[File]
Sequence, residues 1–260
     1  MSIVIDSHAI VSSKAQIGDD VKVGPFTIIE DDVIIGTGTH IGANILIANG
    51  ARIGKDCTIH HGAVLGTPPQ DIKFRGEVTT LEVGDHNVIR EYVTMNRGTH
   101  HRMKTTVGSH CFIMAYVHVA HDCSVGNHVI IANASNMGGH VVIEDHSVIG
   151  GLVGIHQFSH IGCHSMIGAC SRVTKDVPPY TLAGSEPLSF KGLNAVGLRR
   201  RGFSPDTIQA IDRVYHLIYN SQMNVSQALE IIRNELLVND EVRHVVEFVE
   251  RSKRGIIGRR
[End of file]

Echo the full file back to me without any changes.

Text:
Sequence, residues 1–260
     1  MSIVIDSHAI VSSKAQIGDD VKVGPFTIIE DDVIIGTGTH IGANILIANG
    51  ARIGKDCTIH HGAVLGTPPQ DIKFRGEVTT LEVGDHNVIR EYVTMNRGTH
   101  HRMKTTVGSH CFIMAYVHVA HDCSVGNHVI IANASNMGGH VVIEDHSVIG
   151  GLVGIHQFSH IGCHSMIGAC SRVTKDVPPY TLAGSEPLSF KGLNAVGLRR
   201  RGFSPDTIQA IDRVYHLIYN SQMNVSQALE IIRNELLVND EVRHVVEFVE
   251  RSKRGIIGRR